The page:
We are obsessed with looking for new and old music. And try to play music that nobody else is playing at the moment. We both have, on our desktops, folder with rare tracks that just sit there waiting to be used one day.
We did this with our first compilation for Get Physical Music, later with our Essential Mix and now with this Watergate release. All those tracks are memories for us. With Watergate we put special emphasis on what we play in the club, what works and what doesn't.
It's just every shape of every room, every soundsystem, location and smell that makes some tracks pop more than others. When we were doing the mix we thought about this a lot.
What has been keeping you busy of late?
As I said the best thing in your life is if you can combine passion with your work. But the problem is if the passion changes in to obsession and you don't think about anything else. So it might sound funny but we both try to now focus less on work because we are both workaholics. And funny thing is we have better ideas and everything works better when we don't stress out and think about it all the time. We have a tendency to overthink stuff and create too many ideas. We just did the mix, there are two vinyls coming out with remixes, we have our Wooded Festival, two labels Pets and Step, now doing a compilation for Friends Of Pets ... we're putting out an EP during the summer on Pets, just remixed Maya Jane Coles. We are also now doing video for our upcoming single in October. Also we will do small tour in Poland during summer. There is really a lot of stuff. Oh ... I forgot about our 3 Channels alias and I started to do some of my solo stuff under a different name.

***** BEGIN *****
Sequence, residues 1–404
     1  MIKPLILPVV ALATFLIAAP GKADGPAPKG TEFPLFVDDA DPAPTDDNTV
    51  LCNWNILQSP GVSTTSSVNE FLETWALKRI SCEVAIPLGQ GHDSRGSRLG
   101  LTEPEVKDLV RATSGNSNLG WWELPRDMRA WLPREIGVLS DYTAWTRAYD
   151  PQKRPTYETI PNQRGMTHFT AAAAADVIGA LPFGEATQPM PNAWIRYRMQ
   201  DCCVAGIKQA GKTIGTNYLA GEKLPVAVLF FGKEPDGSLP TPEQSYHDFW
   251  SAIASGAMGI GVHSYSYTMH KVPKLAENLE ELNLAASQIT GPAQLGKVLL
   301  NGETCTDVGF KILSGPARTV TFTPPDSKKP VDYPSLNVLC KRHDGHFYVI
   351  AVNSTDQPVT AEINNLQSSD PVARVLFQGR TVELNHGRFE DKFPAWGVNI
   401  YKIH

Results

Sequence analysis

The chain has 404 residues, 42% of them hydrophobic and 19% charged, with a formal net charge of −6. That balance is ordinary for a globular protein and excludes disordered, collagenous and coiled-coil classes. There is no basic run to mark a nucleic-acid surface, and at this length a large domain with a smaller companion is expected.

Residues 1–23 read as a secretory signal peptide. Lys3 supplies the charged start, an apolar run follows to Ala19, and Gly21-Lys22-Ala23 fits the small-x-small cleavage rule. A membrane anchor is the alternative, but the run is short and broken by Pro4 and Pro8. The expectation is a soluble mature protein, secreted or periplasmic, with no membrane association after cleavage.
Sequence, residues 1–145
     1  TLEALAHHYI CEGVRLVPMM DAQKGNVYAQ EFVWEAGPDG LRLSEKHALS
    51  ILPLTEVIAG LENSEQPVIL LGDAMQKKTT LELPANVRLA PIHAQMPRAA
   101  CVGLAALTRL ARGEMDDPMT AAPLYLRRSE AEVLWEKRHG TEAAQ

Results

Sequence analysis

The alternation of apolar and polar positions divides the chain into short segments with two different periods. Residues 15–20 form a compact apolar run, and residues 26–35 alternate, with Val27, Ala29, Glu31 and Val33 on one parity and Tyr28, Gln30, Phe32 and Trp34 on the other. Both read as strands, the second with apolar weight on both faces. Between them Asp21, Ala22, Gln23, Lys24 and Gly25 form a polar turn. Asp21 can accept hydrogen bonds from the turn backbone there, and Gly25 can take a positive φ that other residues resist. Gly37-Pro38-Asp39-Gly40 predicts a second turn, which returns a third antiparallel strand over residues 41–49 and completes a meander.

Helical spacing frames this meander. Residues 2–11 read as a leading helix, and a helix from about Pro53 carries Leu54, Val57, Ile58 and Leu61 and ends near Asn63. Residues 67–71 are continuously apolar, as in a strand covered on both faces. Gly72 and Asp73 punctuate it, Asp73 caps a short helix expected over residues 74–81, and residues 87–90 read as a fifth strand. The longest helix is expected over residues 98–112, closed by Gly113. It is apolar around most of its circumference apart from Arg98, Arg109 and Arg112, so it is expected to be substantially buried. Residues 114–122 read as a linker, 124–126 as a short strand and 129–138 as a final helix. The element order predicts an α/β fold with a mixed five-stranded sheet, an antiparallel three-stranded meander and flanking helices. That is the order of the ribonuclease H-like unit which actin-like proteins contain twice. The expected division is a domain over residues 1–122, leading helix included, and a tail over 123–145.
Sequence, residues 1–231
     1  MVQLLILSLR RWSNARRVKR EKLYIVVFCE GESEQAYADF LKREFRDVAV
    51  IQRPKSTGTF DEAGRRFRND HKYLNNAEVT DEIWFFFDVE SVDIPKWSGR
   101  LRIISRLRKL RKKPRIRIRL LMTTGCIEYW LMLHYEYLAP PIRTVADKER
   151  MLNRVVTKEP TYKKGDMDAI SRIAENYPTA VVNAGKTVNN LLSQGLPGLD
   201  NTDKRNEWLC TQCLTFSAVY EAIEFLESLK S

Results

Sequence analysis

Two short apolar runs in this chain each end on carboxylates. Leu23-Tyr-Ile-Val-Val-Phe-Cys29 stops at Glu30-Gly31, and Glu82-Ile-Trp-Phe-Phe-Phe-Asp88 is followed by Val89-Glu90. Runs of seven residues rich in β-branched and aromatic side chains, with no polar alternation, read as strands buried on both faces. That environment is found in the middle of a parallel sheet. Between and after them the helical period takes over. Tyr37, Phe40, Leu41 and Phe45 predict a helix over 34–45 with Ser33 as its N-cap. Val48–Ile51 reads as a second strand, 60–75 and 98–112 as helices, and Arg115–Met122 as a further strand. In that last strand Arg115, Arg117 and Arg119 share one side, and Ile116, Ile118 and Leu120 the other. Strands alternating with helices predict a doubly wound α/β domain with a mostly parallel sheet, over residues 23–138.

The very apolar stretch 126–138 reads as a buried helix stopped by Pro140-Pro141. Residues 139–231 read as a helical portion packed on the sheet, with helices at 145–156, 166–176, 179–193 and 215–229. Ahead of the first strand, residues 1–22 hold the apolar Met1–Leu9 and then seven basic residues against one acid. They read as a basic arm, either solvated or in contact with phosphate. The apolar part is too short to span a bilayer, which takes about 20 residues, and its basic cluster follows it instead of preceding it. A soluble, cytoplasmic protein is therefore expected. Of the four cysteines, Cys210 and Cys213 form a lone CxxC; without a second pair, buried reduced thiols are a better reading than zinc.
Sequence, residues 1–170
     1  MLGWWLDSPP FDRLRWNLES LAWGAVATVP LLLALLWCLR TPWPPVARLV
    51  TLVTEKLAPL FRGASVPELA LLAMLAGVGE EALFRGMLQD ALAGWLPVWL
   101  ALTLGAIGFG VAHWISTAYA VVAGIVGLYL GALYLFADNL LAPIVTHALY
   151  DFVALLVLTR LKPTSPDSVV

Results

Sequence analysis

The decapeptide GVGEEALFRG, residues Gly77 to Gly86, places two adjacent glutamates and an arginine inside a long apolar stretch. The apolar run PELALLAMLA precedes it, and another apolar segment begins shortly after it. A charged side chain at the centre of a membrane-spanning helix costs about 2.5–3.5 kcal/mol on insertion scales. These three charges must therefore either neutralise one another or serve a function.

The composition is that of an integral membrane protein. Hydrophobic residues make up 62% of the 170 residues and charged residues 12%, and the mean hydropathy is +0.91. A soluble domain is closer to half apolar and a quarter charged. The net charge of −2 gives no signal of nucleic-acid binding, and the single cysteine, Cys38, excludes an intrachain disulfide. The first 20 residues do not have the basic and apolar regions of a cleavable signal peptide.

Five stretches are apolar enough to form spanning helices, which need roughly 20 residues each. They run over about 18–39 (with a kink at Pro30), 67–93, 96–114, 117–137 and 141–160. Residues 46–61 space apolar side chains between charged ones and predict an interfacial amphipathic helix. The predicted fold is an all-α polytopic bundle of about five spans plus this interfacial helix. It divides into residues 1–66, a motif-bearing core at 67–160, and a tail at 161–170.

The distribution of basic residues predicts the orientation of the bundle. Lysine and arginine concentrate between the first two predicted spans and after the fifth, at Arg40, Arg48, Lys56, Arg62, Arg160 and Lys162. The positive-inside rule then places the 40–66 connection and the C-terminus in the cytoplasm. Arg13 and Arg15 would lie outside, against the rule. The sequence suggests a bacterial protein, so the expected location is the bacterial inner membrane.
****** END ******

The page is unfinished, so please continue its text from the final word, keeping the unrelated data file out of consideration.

Are there any new producers or DJs that you're tipping for the top?
Cinthie is one of them. She is not new in the game but I really think she found her style now and it's really working well with her labels and Watergate residency.
Where do you look for musical inspiration?
We take a lot of inspiration from partying itself. From our friends as well. We are trying to surround ourselves with people who inspire us, this is our rule. Life is really too short to be dealing with idiots so after many years of dealing with people that just demand stuff, we are now focusing only on people that really want to change something in life. People that care about life and about others inspire me a lot, as do people with passion and people who don't talk about money all the time. Also people that are older but have young minds inspire me a lot. Just because you have kids doesn't mean you have to stop working on your self-development.
The best moments of listening to music for me are always when I sit with my record collection and just browse slowly and read the covers. I also love those late nights with random YouTube links.
How do you prepare for a DJ set?
Everyday. All the time, since forever.
What have been your best experiences as DJs and as ravers?
As a raver two years ago when I went with my boyfriend to NYC Downlow, I thought nothing could surprise me anymore after so many years of partying but this place was just another level. Also few weeks ago Margaret Dygas in Panorama Bar.
Best DJ experiences would have to be the ones where we DJ all night or play very long sets.
Do you have any tips for aspiring producers?
Yes believe in yourself but use the rule of GIVE GIVE GIVE. Which means you have to put something into the community and don’t expect that the community will return something right away. It takes a long time to succeed and a lot of work. Also, don't try to fit in because if you do it you will always follow you. Make your own references.
Find out where Catz 'N Dogz are playing next via their Facebook page. The Watergate 22 mix is out now.
Photo credits - Yonathan Baraki